But respiratory viruses such as influenza and coronavirus are trickier. People can catch flu over and over again, and flu vaccines generally provide only partial protection against infection and severe illness, since there are typically multiple influenza viruses circulating due to mutation. Though, the coronavirus has a slower mutation rate than influenza.

Still, doctors are worried that coronavirus may end up being like influenza, which requires a new vaccine every year both because the circulating strains mutate fast, and because immunity from the vaccine wears off quickly.

In the case of coronavirus vaccines, several studies have assessed immune responses elicited by the Moderna and Pfizer vaccines to the original strain of the virus, compared with variants. And “these studies observed modest or no defects in cellular immune recognition of the variants,” according to a webpage on the U.S. Centers for Disease Control and Prevention’s website, updated Thursday.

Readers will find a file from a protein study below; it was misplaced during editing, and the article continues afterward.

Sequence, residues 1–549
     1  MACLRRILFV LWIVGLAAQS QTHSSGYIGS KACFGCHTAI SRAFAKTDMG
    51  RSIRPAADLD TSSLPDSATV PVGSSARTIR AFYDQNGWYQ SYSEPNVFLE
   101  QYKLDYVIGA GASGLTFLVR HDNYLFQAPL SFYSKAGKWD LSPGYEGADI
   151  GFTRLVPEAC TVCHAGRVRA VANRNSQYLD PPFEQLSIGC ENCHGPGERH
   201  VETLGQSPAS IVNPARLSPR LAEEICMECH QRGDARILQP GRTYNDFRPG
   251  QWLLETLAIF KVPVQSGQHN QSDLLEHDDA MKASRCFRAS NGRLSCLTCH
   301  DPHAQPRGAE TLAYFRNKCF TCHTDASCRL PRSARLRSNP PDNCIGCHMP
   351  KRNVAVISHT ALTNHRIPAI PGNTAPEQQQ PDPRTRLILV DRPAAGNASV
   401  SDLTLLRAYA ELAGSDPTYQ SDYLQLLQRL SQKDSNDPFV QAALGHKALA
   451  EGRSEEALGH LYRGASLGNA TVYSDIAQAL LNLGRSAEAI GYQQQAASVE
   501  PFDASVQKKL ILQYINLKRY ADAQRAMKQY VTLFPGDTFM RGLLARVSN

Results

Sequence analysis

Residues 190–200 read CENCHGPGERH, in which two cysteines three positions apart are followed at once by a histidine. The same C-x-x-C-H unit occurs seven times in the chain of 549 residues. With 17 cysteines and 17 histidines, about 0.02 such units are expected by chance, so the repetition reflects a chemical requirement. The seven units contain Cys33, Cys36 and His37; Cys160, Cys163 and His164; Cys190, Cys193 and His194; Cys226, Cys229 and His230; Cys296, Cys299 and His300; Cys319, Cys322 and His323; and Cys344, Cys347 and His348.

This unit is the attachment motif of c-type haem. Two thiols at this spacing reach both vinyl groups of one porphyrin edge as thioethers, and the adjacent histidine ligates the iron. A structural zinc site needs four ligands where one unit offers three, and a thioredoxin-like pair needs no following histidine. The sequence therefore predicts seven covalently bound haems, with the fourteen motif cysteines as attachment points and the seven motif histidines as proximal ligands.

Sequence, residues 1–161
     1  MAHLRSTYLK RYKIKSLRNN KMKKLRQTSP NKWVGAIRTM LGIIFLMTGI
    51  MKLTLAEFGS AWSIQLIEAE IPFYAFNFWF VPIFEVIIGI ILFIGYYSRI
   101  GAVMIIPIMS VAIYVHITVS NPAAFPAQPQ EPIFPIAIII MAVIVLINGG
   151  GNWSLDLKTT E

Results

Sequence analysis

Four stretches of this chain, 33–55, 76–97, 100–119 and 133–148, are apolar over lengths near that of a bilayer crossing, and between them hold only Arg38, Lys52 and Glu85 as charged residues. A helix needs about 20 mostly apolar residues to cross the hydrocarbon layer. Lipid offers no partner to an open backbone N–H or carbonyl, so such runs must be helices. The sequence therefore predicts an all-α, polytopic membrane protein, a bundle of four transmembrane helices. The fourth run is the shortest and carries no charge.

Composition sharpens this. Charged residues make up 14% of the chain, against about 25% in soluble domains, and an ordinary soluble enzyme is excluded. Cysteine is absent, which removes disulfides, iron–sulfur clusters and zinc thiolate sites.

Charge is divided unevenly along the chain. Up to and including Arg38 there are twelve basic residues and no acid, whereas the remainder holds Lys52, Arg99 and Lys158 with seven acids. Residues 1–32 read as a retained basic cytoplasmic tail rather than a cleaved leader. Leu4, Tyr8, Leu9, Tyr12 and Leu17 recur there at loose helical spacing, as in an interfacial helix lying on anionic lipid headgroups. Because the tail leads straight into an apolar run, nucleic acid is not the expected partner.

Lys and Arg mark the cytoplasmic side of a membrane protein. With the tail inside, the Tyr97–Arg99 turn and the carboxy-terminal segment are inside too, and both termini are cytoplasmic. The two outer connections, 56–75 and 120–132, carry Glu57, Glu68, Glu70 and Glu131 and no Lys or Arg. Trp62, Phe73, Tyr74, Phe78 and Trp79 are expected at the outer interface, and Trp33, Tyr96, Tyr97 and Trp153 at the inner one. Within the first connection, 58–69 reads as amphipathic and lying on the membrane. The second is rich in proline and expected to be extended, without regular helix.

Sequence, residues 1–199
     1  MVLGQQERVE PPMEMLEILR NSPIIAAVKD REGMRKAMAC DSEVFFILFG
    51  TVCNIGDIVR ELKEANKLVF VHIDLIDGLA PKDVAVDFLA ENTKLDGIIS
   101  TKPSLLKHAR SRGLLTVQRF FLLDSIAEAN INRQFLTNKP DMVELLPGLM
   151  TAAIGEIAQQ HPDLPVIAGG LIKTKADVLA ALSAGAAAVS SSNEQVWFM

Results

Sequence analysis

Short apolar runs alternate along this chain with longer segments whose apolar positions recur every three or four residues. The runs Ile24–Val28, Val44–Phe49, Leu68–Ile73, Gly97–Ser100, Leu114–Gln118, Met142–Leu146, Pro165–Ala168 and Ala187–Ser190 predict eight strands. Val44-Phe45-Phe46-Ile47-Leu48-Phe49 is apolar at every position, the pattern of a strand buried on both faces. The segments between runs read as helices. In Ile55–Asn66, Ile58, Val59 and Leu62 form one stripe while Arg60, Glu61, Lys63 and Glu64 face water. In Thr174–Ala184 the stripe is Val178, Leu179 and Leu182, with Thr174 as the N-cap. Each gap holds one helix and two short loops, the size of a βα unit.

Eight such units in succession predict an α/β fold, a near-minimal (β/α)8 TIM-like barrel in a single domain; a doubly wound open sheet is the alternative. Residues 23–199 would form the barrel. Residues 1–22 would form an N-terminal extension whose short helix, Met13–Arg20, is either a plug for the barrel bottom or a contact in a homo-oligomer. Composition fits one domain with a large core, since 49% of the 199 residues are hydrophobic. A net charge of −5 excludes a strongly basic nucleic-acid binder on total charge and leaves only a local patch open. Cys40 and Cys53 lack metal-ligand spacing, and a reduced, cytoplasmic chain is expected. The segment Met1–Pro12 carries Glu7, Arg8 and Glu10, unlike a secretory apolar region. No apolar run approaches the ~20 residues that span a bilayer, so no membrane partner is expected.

“Thus, cellular immunity may help limit disease severity in infections caused by variants that partially escape neutralizing antibodies,” according to the CDC.

It is difficult to predict how reduced neutralizing activity may affect COVID-19 vaccine effectiveness — but across studies, antibody neutralizing activity seen among fully vaccinated people has been generally higher than that observed among people who have recovered from COVID-19.

Data from clinical trials suggest that the protection offered by the Pfizer and Moderna coronavirus vaccines likely lasts at least nine months, Marks of the FDA said in April. But experts have been at pains to point out that doesn’t mean immunity stops at nine months. It means that’s the longest volunteers in the trials have been followed to see what their immunity is, and collect data.